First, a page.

When considering information and evidence, it’s vital to consider both the wider context and the specific perspective.
I recently attended a parents’ evening at my children’s school. I usually dread these evenings – the inevitable biting my tongue and counting to ten under my breath as my daughter’s teacher tells me with utmost earnestness that she is worried that my daughter does not have a good grasp of cuboids. (What are cuboids, you may wonder…) This time, however, was different. It helped to restore my faith in the education system and to think about how, as adults, we often forget the fundamental things we learnt in childhood.
My daughter’s history teacher showed us three pictures of Elisabeth I, taken at different times in her life, and two letters that were written by German and French dignitaries reporting back to their home countries about the Virgin Queen and whether she was holding on well to power. The teacher told us that she had asked my daughter and her nine-year-old classmates to explain the differences in the two letters’ accounts, and contrast these with the pictures. Why were the accounts different? What factors could have explained the different accounts of how powerful the Queen was?
The point of the exercise was to explain two things to the children:
- One: perspective matters. A French or German dignitary may have wanted to convey to his superiors that the Queen was powerful, or losing power, to serve his own national or personal interests. The personal ambitions of these dignitaries may also have coloured their reports, as whatever they reported may have swayed in their favour in some way. So perspective is crucial.
- Two: always think of confounding factors. The three portraits of Elisabeth I were taken at different periods of her life – and if her age (written in small text at the bottom of each picture) was not reported in the dignitaries’ accounts, then a very different portrayal of her physical beauty, health and wellbeing may have been given. Confounding factors are typically thought of in the case of clinical trials data: is the observed difference between treatment arms really due to the different treatments given to patients, or is this hiding a confounding effect of another factor, such as a different age profile or case mix of the two groups being treated?
Clarity in a character-limited culture
Confounding factors and perspective have huge relevance to health policy. In much of the work we do, gaps in individuals’ health literacy may account for misinterpretation of the benefits and risks of given interventions. Statistics – particularly economic statistics – are often reported out of context. They may hit the headlines, but there is little understanding as to where they came from or whether they can be extrapolated to other contexts.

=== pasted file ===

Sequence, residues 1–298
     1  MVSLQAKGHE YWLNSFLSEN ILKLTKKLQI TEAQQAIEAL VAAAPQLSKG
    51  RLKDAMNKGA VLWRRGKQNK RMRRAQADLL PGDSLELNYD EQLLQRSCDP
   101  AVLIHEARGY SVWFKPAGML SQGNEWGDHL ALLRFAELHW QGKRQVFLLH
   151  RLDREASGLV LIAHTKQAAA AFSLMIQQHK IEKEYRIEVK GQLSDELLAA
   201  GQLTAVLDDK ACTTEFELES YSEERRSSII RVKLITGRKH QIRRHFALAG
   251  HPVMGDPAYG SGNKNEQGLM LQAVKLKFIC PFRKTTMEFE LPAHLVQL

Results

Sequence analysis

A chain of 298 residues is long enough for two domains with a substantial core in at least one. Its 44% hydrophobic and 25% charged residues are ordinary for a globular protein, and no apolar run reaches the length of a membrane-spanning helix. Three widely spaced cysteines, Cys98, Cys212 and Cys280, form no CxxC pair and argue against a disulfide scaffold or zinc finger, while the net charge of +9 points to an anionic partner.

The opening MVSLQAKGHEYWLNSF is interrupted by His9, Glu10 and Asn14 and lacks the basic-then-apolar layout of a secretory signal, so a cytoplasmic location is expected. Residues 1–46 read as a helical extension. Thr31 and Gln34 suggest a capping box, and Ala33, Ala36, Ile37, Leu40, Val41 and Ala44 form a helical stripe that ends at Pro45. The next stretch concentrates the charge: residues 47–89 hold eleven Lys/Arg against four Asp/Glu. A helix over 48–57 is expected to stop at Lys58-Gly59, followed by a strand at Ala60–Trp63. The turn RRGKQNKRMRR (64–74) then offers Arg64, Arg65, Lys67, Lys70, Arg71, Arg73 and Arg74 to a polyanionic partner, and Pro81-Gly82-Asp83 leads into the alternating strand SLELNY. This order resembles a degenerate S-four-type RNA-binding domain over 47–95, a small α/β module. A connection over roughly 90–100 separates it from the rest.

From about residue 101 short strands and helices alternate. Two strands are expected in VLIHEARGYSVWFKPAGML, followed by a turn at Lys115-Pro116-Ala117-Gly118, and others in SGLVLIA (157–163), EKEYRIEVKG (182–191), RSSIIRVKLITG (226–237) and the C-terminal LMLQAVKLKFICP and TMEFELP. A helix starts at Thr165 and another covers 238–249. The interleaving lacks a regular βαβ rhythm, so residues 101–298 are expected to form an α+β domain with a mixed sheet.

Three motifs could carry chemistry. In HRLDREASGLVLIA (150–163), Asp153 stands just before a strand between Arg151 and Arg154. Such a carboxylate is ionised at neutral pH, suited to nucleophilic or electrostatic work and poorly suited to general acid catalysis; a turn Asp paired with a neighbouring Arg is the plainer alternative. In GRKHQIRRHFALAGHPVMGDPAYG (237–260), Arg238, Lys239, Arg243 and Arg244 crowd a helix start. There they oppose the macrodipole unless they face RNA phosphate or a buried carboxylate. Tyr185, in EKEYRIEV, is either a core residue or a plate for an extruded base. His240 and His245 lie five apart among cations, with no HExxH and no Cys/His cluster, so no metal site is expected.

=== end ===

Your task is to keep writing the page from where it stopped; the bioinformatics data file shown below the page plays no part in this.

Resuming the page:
At HPP, we pride ourselves on accuracy, concision and relevance – all of which depend on our ability to concisely convey clear facts, supported by indisputable evidence (which we have spent a long time turning upside down), in such a way that they will not be prone to misinterpretation or misunderstanding. So we would never say, ‘Cancer is more important to policymakers than heart disease’; rather, we may say, ‘A greater proportion of current health policies [precise fact] in the UK [specific context] are focused on cancer than heart disease.’
Why is this important? Because we are living in a culture of soundbites, character limits and skim‑reading – and as much as we might disparage the individuals or cultural norms that propagate this culture, we are all part of it. We measure the success of an event not by who attends it, but by the number of tweets it engenders. We measure the relevance of a campaign not by the meaningfulness of its cause, but by the comms value of its message. That is not necessarily wrong, and one would be foolish to refuse to tick the box against these metrics – but we mustn’t forget that every fact should be interrogated for its context, accuracy and relevance to other situations.
Getting some perspective
Peer-reviewed publications usually look on the use of ‘we’ with disfavour – and there is a reason for this, as it compromises objectivity. The problem in policy, of course, is that without saying ‘we’, there is a risk of floating in a world of abstract policy recommendations without thinking about who should be held accountable for translating laudable goals into concrete actions.
So I will continue to drum home to my nine-year-old – as well as to my extremely competent, well-educated and highly literate colleagues – that perspective and context matter, and we should never succumb to laziness in neglecting to add these notes of precision and accuracy to anything we write. This is what differentiates good research, and good writing, from that which isn’t up to scratch. If we want to provide useful insights to decision makers in the hope of changing policy, we owe it to ourselves, and to them, to report findings to the highest standard.
Context. Confounding factors. Perspective. Far more important lessons for life than cuboids.
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